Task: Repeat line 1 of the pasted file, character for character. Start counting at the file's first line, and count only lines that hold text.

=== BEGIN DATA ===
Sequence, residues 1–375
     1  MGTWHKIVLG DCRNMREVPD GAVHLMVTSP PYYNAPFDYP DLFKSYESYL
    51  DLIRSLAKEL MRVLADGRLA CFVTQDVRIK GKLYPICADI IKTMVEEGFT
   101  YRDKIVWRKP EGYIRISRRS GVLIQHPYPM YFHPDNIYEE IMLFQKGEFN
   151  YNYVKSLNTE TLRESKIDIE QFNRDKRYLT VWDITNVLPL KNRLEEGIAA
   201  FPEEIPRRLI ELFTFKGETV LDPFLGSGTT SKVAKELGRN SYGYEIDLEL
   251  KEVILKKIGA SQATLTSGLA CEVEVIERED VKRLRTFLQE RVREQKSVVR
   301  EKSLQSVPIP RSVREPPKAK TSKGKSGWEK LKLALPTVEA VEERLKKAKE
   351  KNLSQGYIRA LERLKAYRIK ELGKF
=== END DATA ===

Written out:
Sequence, residues 1–375